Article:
The fact is that radicalized Islam has indeed evolved into a serious threat to the West; and that there are a number of reasons they believe they can win a clash of civilizations with the West --even if people like Jenkins poo-poo the very idea.

SC&A bring up an important reality that must be considered before we, like Jenkins and many of the Democrats in our own country, write off the the threat of a nuclear Iran:

The best way to deal with Iran can be determined once we understand the threat Iran poses. Understanding how the current Iranian regime views itself goes a long way in explaining their world view. Ahmadenijad’s World, by Mathias Kuntzel is a must read. Iran is not posturing.

Dealing with Iran is not just about Congressional approval and declarations of war. How we deal with Iran will shape the values of this nation for generations to come and how other nations, hungry for democracy will measure our commitment to freedom.

The ‘freedom fighters’ supported by Iran are very different than the ‘freedom fighters’ and opposition in Cuba, Venezuela, China, Syria and even in Iran itself. Those supported by the Iranian want to impose tyranny on nations and will use terror to achieve their goals. That is not the same as ‘freedom fighters or dissidents in Cuba, Syria and elsewhere that want to shed the yoke of tyranny and repression.

Let me quote from the link Siggy cites, which tells the story of the Basiji in Iran, the children of the minefields:

In pondering the behavior of Mahmoud Ahmadinejad, I cannot help but think of the 500,000 plastic keys that Iran imported from Taiwan during the Iran-Iraq War of 1980-88. At the time, an Iranian law laid down that children as young as 12 could be used to clear mine fields, even against the objections of their parents. Before every mission, a small plastic key would be hung around each of the children’s necks. It was supposed to open for them the gates to paradise.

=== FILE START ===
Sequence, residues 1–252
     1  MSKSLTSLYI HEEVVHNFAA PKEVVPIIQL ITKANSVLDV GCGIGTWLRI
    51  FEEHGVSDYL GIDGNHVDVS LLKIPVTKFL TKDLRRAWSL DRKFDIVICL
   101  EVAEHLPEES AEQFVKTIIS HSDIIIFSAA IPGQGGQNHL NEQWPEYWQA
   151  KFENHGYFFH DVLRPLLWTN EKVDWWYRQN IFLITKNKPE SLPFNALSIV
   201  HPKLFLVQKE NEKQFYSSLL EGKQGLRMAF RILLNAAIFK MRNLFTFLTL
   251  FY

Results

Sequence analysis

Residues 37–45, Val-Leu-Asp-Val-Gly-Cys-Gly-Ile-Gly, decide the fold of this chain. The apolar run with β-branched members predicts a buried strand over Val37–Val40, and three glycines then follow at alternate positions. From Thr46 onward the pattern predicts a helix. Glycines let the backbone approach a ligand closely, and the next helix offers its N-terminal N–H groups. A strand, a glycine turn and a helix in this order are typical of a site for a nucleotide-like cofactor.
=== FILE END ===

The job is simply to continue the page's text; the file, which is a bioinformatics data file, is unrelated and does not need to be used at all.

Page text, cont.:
“In the past,” wrote the semi-official Iranian daily Ettela’at, “we had child-volunteers: 14-, 15-, and 16-year-olds. They went into the mine fields. Their eyes saw nothing. Their ears heard nothing. And then, a few moments later, one saw clouds of dust. When the dust had settled again, there was nothing more to be seen of them. Somewhere, widely scattered in the landscape, there lay scraps of burnt flesh and pieces of bone.” Such scenes could henceforth be avoided, Ettela’at assured its readers. “Before entering the mine fields, the children [now] wrap themselves in blankets and they roll on the ground, so that their body parts stay together after the explosion of the mines and one can carry them to the graves.”[1]

The children who thus rolled to their deaths formed part of the mass “Basij” movement that was called into being by the Ayatollah Khomeini in 1979. The Basij Mostazafan – the “mobilization of the oppressed” – consisted of short-term volunteer militias. Most of the Basij members were not yet 18. They went enthusiastically and by the thousands to their own destruction. “The young men cleared the mines with their own bodies,” a veteran of the Iran-Iraq War has recalled, “It was sometimes like a race. Even without the commander’s orders, everyone wanted to be first.”[2]